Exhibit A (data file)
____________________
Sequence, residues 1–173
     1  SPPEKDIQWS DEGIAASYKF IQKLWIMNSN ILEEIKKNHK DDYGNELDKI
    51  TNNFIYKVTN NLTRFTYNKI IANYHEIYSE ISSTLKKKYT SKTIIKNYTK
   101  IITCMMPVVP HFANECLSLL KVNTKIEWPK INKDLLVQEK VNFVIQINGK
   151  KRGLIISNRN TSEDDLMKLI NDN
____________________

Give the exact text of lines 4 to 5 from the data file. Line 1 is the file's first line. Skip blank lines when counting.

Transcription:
   101  IITCMMPVVP HFANECLSLL KVNTKIEWPK INKDLLVQEK VNFVIQINGK
   151  KRGLIISNRN TSEDDLMKLI NDN